Founded in 2013, the Wiki Education foundation seeks to bridge these gaps between Wikipedia and academia by facilitating partnerships between them. The foundation provides online training and guidance for classroom projects designed to counteract some of Wikipedia’s weaknesses while working within the strictures of the site’s core policies. University of Texas at Austin associate professor Daina Berry worked with Wiki Education to develop a project for her Black Women in America undergraduate class. Berry says that she used the tension between Wikipedia’s standards and those of historical scholarship to teach her students about the false ideal of “neutral writing” and “the challenge of researching women and people marginalized from the historical record.”
Berry also drew her students’ attention to Wikipedia’s standard of “notability,” which poses an additional hurdle to creating and promoting diverse content on the website. Wikipedia’s guideline on notability states that in order to warrant a unique page, a topic must have “received significant coverage in reliable sources that are independent of the subject.” Of course, constructing the histories of underrepresented people means uncovering the stories that reliable, independent sources—which for Wikipedia include newspaper articles, monographs, reviews, and textbooks—have overlooked. As one of Berry’s students, Crystal Smith, says, requiring independent secondary sources and “not being allowed to use primary sources” prevents “certain people from being documented in [Wikipedia], where they can become more widely known.”
“Historians have a lot to say about notability,” says Moravec. In her estimation, “Wikipedia does a poor job of matching ‘historical significance’ and what historians think is significant.” In other words, the standards that Wikipedia editors use to determine whether a figure or topic is notable do not necessarily correspond with a historian’s estimation of that figure or topic’s importance.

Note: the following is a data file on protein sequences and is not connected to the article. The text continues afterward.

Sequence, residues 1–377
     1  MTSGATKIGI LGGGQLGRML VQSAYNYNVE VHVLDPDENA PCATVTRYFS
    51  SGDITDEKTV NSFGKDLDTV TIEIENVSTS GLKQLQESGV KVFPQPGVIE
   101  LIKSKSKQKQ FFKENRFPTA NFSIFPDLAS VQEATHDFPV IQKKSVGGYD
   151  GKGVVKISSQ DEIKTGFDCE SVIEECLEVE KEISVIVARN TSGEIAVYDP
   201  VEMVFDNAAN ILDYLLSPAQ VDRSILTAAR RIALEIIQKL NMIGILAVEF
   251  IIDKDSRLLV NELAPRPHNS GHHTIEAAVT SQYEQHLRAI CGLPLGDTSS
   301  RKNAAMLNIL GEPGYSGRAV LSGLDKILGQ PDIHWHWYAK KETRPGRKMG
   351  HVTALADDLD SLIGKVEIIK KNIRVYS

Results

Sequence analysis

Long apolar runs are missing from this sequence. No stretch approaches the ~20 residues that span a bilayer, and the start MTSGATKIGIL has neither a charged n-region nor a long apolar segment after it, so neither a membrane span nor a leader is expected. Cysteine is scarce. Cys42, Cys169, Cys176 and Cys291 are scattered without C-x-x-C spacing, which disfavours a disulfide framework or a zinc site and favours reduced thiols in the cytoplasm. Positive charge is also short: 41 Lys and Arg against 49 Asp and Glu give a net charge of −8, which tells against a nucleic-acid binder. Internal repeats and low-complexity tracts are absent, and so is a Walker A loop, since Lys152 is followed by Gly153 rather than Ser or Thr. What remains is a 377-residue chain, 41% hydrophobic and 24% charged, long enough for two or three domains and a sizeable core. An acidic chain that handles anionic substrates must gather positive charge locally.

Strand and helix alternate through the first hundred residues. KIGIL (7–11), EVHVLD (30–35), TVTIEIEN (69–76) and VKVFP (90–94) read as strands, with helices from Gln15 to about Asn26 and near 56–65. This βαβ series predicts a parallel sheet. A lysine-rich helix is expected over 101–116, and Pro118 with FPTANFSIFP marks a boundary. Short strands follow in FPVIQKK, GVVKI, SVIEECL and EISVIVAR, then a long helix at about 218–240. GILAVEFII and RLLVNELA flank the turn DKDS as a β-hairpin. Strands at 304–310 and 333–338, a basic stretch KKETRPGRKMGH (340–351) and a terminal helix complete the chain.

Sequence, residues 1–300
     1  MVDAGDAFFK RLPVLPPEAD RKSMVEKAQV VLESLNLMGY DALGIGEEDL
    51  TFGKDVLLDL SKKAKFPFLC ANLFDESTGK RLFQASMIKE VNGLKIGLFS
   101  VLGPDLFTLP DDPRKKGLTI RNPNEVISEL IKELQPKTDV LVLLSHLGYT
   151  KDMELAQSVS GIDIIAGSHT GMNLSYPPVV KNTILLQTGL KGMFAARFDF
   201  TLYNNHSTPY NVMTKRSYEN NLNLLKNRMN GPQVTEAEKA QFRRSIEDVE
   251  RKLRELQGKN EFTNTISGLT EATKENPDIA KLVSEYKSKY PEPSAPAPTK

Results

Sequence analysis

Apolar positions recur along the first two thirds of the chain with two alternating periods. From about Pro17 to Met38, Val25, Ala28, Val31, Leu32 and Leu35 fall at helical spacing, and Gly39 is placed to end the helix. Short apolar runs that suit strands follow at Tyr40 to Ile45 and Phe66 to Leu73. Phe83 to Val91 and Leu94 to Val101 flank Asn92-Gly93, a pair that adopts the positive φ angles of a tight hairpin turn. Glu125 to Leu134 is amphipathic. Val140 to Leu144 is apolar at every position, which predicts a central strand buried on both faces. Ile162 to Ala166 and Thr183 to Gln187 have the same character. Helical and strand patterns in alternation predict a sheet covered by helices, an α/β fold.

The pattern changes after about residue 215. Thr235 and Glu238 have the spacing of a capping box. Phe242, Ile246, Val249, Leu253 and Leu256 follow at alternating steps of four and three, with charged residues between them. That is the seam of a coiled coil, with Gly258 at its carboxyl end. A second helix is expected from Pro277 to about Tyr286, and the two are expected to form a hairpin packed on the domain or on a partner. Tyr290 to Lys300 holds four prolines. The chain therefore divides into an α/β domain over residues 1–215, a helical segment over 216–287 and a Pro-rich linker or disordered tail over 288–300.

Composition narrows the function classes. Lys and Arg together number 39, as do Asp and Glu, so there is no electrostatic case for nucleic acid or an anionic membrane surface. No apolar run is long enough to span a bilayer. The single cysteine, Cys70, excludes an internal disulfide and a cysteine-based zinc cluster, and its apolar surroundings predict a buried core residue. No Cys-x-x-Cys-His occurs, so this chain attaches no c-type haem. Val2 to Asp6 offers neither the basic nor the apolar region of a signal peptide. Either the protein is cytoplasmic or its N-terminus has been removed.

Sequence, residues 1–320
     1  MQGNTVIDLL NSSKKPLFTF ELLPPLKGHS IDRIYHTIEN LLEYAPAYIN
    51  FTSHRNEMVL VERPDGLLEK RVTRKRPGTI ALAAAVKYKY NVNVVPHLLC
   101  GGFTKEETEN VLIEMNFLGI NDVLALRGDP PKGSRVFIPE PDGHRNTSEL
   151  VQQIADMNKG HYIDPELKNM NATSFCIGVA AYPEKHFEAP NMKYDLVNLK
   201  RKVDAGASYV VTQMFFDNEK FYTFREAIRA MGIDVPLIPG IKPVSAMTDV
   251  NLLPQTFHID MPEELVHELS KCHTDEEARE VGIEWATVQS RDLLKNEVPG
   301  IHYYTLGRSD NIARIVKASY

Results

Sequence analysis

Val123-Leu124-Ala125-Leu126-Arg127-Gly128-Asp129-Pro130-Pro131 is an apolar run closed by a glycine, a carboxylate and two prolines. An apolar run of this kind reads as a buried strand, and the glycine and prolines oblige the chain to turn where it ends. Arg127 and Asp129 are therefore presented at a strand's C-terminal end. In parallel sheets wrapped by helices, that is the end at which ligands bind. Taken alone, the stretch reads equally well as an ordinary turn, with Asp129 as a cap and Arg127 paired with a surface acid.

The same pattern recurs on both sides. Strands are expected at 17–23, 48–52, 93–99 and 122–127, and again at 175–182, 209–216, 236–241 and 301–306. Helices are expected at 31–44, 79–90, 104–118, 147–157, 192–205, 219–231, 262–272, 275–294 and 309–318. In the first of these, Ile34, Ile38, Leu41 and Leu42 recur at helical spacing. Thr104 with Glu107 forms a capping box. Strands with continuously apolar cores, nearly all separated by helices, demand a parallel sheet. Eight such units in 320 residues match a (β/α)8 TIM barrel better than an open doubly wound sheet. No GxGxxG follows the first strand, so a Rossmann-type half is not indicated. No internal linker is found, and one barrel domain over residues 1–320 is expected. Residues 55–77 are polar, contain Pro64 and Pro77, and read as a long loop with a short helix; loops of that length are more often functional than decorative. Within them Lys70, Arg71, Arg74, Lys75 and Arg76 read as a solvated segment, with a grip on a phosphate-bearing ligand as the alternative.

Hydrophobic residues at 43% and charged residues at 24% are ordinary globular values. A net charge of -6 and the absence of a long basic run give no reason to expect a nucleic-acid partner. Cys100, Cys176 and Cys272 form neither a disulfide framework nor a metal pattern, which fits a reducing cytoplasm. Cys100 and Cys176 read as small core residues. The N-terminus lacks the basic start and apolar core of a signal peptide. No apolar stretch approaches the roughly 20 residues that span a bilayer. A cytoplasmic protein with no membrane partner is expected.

The problem of notability is compounded by Wikipedia’s use of internal wikilinks, which connect articles to one another and aid in search engine results. For historically underrepresented figures, the internal links that characterize a good Wikipedia article are often absent. As Berry explains, when she searched for Wikipedia pages of historians of black women’s history, “Even if I found a scholar who had a weak page, I couldn’t link it to anything they wrote about.” In other words, the pages she found didn’t contain internal links, because the topics that those historians wrote about did not have their own Wikipedia pages.
Even when a Wikipedia article for a notable woman does exist and does contain links, a 2015 study revealed gendered differences between pages about men and women.1 Backing up Moravec’s observation that women on Wikipedia “tend to be connected to prominent men,” the study found that articles about women are more likely to include wikilinks to articles about men and are more likely to include gendered terms such as wife and mother. In a similar vein, De Wolfe notes that several of her students found that “their subject was spoken about only as the wife of or assistant of someone when in fact they were the more predominant scientist, author, achiever.”
In response, De Wolfe had students not only create new pages for women, but “go back and edit the man’s entry to make it more balanced.” This is the kind of corrective to Wikipedia’s biases that Moravec believes historians are especially well positioned to implement. By capitalizing on their understanding of “linkages between people, places, and events,” she thinks, historians can build up the networks between Wikipedia pages that determine how users move through the architecture of the site and therefore how they understand historical connections.
The work Moravec, Berry, and De Wolfe have done models a nuanced historical engagement with Wikipedia that improves the site’s rendering of the past and uses the site’s shortcomings to teach powerful lessons about historical representation. The way historians tell history is in some basic ways incompatible with Wikipedia—an encyclopedia will never be a source for cutting-edge historical scholarship. But Wikipedia is here to stay, and as long as it remains the default reference tool for students and scholars alike, historians would do well to follow Berry’s advice: “We can complain about it or we can try to make a change.”
Sadie Bergen is assistant editor at the AHA. She tweets @sadiebergen.
1. Claudia Wagner, David Garcia, Mohsen Jadidi, and Markus Strohmaier, “It’s a Man’s Wikipedia? Assessing Gender Inequality in an Online Encyclopedia,” Cornell University Library, last revised March 2015, http://arxiv.org/abs/1501.06307.